Powassan Virus Spreads, Could Be More Deadly Than Lyme Disease

Jennifer Deutschmann

The Powassan virus is spreading, and doctors are concerned that it could be more deadly than Lyme disease. Although both illnesses are transmitted to humans by infected ticks, Powassan virus is far more severe.

As explained by the Centers for Disease Control and Prevention, Lyme disease is transmitted by blacklegged ticks infected with the Borrelia burgdorferi bacteria. Initial symptoms can be mild, and include fatigue, fever, headache and a distinct skin rash.

Although Lyme disease can be successfully treated with antibiotics, early detection is vital. Without treatment, the infection can spread to the heart and nervous system.

According to the CDC, Lyme disease is generally limited to the upper Midwest and northeastern United States.

Powassan virus, also called POW, is transmitted to humans through ticks infected with a genus of the Flavivirus -- called RNA. Although the virus is rare, with only 60 cases reported since 2005, Powassan infection is specifically dangerous.

As discussed by the CDC, early symptoms include confusion, fever, headache, seizures, and vomiting. As there is no known cure, Powassan virus can cause long-term memory loss and neurological damage.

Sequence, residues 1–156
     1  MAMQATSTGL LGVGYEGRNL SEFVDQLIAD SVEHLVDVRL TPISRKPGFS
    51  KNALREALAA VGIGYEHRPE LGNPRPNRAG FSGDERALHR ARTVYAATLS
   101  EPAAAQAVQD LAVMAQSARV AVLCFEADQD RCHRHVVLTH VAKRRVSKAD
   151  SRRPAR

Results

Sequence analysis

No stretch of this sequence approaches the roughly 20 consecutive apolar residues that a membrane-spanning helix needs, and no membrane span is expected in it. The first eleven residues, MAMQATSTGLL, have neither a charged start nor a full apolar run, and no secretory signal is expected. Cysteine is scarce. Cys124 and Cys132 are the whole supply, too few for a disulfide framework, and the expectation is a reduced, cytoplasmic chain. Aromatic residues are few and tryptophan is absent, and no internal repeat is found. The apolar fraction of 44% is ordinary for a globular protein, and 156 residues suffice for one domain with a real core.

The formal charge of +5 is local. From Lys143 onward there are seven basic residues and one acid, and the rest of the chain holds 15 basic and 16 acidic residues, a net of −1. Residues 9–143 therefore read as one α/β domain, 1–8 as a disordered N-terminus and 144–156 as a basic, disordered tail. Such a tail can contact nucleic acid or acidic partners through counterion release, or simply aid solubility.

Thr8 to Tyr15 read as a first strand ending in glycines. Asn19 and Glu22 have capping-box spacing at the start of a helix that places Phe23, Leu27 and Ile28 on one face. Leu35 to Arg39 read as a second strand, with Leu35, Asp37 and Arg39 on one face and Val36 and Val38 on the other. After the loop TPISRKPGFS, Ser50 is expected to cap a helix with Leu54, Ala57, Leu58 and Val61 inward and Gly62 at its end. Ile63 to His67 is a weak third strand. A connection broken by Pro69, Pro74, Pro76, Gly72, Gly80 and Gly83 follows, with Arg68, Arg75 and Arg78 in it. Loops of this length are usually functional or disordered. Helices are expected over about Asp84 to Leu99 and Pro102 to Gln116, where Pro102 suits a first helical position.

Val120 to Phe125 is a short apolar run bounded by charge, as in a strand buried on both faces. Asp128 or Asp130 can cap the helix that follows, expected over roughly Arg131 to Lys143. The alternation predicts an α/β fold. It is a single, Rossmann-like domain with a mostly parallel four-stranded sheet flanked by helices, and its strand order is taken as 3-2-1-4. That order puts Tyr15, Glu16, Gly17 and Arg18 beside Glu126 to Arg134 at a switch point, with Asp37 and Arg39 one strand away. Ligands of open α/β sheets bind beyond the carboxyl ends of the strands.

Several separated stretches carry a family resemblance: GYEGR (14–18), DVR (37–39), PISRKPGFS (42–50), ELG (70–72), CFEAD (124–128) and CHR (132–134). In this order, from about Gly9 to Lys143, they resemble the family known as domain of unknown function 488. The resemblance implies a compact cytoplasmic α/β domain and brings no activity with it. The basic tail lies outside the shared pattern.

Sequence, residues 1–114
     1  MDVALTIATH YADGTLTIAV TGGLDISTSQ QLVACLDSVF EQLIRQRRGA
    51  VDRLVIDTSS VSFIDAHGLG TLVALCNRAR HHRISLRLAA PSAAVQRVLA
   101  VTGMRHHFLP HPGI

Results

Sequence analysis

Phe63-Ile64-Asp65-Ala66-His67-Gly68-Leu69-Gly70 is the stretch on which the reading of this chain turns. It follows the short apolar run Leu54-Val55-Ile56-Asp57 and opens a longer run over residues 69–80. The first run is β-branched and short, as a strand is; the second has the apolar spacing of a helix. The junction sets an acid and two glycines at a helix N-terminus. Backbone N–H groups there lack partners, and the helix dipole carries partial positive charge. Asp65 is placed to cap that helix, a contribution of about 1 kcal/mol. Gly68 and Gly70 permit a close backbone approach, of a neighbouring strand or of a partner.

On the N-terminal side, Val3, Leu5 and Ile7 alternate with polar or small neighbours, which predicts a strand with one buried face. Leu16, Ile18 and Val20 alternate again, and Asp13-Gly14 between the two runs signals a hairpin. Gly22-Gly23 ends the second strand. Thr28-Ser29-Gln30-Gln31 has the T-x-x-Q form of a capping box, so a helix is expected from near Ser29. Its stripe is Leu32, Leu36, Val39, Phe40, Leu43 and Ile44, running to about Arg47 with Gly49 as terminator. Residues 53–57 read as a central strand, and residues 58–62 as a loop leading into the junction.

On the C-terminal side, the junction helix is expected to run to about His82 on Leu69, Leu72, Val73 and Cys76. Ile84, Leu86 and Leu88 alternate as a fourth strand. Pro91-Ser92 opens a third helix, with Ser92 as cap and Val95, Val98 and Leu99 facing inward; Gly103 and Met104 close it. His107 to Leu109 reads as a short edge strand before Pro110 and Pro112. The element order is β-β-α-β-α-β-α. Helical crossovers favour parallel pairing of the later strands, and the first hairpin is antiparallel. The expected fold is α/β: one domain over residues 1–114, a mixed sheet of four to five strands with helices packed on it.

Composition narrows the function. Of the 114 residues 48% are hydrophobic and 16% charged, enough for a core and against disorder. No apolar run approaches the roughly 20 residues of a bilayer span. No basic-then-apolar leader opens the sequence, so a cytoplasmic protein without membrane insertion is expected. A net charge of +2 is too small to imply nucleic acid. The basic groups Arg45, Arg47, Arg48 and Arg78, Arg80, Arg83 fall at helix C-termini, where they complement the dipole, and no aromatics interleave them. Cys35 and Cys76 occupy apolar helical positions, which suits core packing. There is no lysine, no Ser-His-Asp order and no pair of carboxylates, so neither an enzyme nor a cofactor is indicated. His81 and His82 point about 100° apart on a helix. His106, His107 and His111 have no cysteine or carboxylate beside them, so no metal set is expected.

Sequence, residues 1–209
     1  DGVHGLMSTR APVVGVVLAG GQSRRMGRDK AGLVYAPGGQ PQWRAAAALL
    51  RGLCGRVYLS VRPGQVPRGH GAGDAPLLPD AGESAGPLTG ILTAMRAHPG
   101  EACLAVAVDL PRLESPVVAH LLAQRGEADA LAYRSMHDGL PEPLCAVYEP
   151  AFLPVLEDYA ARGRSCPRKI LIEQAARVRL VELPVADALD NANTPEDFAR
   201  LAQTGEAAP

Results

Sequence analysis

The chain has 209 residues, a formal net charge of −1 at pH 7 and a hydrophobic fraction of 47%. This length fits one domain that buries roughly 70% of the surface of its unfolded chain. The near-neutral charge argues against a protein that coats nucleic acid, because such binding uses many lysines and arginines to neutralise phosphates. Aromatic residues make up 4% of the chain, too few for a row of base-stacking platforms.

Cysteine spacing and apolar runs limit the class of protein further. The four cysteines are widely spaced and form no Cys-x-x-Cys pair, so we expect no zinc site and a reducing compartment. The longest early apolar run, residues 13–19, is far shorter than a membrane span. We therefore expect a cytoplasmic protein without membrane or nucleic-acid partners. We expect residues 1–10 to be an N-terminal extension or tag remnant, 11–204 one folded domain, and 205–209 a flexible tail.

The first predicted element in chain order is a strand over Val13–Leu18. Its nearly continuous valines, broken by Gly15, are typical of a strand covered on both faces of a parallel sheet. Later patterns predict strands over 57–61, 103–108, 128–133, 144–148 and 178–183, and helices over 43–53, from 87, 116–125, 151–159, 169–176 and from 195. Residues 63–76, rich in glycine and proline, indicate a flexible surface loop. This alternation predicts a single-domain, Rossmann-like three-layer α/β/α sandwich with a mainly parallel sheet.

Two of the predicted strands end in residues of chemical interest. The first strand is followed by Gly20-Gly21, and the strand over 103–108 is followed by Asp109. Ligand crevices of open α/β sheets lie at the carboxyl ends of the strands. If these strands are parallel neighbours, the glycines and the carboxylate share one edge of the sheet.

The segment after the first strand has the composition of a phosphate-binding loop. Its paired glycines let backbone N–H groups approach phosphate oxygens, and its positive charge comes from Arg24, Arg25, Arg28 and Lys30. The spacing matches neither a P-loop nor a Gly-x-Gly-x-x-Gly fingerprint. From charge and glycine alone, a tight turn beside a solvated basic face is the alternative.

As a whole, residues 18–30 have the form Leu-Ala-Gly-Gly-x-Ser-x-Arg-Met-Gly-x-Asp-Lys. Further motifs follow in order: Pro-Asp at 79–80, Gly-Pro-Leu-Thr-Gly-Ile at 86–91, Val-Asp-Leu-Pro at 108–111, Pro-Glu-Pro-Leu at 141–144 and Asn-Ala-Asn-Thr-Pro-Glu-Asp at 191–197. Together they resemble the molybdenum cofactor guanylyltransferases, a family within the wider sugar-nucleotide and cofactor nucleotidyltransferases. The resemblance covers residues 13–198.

A majority of POW cases were reported in the Great Lakes region. However, doctors are concerned that the deadly virus is becoming more common in the Northeast.

Researchers with Connecticut's Center for Vector Biology & Zoonotic Diseases are monitoring the distribution of infected ticks.

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Armstrong said Powassan virus has a 10 percent fatality rate. Unfortunately, "many of those who survive suffer from long-term deficits, neurological damage."

Thankfully, there are way to reduce the chances of being bitten by a tick.

Ticks are generally found in heavily wooded areas. When walking through the woods, the CDC suggests staying in the center of cleared paths and avoiding bushes and piles of leaves. Insect repellents that contain DEET and Permethrin have been proven to repel ticks. However, users should be cautious and closely follow product instructions.

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Anyone who spends time in wooded areas should check their bodies, clothing, and gear when returning home.

As Powassan virus and Lyme disease can cause serious issues, suspected tick bites should be examined by a medical professional.

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